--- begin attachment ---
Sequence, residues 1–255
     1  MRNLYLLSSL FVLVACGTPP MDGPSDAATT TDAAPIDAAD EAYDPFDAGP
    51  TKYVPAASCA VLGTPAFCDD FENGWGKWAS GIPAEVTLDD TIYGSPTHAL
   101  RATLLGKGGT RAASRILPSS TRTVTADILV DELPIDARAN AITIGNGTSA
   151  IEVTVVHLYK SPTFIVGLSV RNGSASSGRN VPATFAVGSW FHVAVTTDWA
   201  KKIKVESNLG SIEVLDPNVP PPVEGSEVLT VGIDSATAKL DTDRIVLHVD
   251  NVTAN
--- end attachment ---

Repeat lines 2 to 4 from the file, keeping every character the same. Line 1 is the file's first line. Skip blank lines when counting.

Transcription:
     1  MRNLYLLSSL FVLVACGTPP MDGPSDAATT TDAAPIDAAD EAYDPFDAGP
    51  TKYVPAASCA VLGTPAFCDD FENGWGKWAS GIPAEVTLDD TIYGSPTHAL
   101  RATLLGKGGT RAASRILPSS TRTVTADILV DELPIDARAN AITIGNGTSA